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How do interstates gentrify an area?

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#1
This has been a topic that has puzzled me for quite some time. Here in Birmingham you do have pockets of housing projects and a few lower income apartment houses. On the fringe of downtown you start to see some more lower income houses. However, it would appear as much that the city itself is enclosed on the west, north, and east ends by two interstates and two highways. Once you get go beyond these major corridors you start seeing a more drastic decline in the quality of the communities. This is particularly true with the interstates somewhat more so than the highways.

I have never been able to figure out the exact science for why this seems to be the norm in my city, and others.

Does the decay occur because of the lack of main thoroughfares going through the communities and not experiencing the economic benefits?

One thing I have thought of that seems like a simplistic answer. Is that it may literally be the vast amount of space taken up by concrete pillars supporting the overpasses. While this may sound illogical, I think the vast amount of prime real estate being taken up by concrete pillars keeps development from flowing continuously from the urban core. In effect, this walls off the surrounding areas. Birmingham's small 'Uptown' area has the civic center, largest hotels in the area, and several fine dining restaurants along with businesses. Then peering off under the overpass you can see the stark change in the quality of land use to the north end of town.
 
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#2
I think its far more complex than that. Some of the best neighborhoods are far from highways. And some less than attractive areas of cities are right along highways. With recent public health research indicating that living within 100 yards of a highway has significant negative impacts on public health, it's clear that you don't want to be too close to a highway.
 

dvdneal

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#3
It could also be a chicken and egg thing. If the community was there first and a highway built, I see it often tearing up the community, reducing property values, and because it is often small lot housing it becomes hard to take economic advantage of the highway by amassing parcel for a large project. On the other hand if the highway is built and the community follows everything is usually planned around the highway and people embrace it.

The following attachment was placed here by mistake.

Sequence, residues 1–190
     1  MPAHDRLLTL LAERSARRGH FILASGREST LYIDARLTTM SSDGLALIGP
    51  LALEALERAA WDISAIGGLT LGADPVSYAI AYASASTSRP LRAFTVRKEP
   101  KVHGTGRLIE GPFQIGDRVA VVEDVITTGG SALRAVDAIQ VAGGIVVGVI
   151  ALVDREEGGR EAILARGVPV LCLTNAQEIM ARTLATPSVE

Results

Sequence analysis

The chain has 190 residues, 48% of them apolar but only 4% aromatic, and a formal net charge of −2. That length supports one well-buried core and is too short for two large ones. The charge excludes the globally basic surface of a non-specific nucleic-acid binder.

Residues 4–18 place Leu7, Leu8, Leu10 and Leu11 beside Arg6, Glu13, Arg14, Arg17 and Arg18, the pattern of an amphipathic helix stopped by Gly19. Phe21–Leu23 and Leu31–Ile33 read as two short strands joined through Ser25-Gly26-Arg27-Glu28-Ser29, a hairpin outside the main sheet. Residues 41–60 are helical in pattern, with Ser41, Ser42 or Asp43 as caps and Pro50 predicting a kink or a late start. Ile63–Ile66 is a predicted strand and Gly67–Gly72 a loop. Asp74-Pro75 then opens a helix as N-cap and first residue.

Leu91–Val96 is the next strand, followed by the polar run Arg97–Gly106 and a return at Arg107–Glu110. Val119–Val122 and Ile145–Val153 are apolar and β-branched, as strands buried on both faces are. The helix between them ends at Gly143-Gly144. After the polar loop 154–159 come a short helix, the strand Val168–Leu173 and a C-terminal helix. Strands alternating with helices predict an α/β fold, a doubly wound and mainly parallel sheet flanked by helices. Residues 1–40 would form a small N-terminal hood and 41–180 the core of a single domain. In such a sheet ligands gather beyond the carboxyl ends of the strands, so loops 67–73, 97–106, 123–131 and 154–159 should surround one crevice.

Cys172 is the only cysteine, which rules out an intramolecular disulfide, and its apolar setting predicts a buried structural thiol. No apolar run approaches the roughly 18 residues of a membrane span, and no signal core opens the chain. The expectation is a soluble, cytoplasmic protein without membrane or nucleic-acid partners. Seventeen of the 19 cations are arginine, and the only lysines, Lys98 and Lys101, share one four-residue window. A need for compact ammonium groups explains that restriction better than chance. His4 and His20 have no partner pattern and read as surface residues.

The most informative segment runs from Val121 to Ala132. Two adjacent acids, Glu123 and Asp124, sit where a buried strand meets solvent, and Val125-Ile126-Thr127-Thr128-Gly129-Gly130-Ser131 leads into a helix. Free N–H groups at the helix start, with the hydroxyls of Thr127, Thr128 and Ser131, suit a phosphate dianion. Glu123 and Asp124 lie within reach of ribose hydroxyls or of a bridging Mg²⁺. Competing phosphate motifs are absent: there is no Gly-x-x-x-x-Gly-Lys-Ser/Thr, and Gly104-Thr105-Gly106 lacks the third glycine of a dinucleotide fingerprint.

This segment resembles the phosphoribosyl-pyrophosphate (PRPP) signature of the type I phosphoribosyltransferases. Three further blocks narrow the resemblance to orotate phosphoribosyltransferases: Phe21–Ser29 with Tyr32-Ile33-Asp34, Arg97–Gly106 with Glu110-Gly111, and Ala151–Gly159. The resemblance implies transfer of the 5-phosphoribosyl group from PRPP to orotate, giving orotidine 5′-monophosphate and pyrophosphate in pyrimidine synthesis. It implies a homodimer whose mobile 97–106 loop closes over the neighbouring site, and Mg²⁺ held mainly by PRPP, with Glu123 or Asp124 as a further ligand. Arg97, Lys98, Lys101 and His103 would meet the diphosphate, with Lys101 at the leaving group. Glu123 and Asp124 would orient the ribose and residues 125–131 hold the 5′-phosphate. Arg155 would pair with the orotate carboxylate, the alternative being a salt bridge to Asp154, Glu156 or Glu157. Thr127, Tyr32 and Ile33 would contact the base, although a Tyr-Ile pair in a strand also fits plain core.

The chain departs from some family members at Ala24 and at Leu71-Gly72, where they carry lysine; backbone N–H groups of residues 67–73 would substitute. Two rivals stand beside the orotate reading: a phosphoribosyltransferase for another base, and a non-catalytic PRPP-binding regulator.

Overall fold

Where I'm at the highways are all in floodplains so no one builds around them. There is just a pocket a retail in one area that's out. The highways don't actually contribute to development much. It's more of a matter of finding high ground to build on.
 
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#4
It could also be a chicken and egg thing. If the community was there first and a highway built, I see it often tearing up the community, reducing property values, and because it is often small lot housing it becomes hard to take economic advantage of the highway by amassing parcel for a large project. On the other hand if the highway is built and the community follows everything is usually planned around the highway and people embrace it.

Where I'm at the highways are all in floodplains so no one builds around them. There is just a pocket a retail in one area that's out. The highways don't actually contribute to development much. It's more of a matter of finding high ground to build on.
This could also be 'when' the freeway was put in as well. The earlier ones were done prior to NEPA and had little mitigation. After NEPA there were things like noise walls constructed. A freeway by me was built in a neighborhood with an Orthodox Jew population post NEPA. It has a few large plazas to make walking to temple less of a pain. It also has used quite a few soundwalls and ended up re-building the zoo entrance area just east of here. https://www.google.com/maps/preview...8!4f13.1!4m2!3d42.4594803!4d-83.1827051&fid=7
 

dw914er

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#5
I have never been able to figure out the exact science for why this seems to be the norm in my city, and others.
Generally speaking, interstates and freeways have historically disrupted neighborhoods and made them worse. Visit Boyle Heights or other parts of East and South Los Angeles and you can see how the original construction of the highways had separated communities, increased congestion and pollution, and had an impact to the quality of life that still continues today. I think DetroitPlanner nailed part of the answer on the head. For highway and other infrastructure projects, NEPA, as well as CEQA for us Californians, provides a means to address issues such as environmental justice, community cohesion (and if a project will physically divide a community), noise, air quality, etc, and then will mitigate for those impacts. Good land use planning decisions as well (and some redevelopment efforts) also helped to guide uses that could benefit from the connectivity and its critical mass. LA Live is an example of a strong economic presence and land use decisions that had capitalized on the highway connectivity, and also provides some contrast to the other Los Angeles areas I mentioned previously. As a result of some of the projects done decades ago, people now have a much better understanding of what impacts a highway can have and can better address them. There are alot more factors involved, but the analysis and mitigation has certainly helped.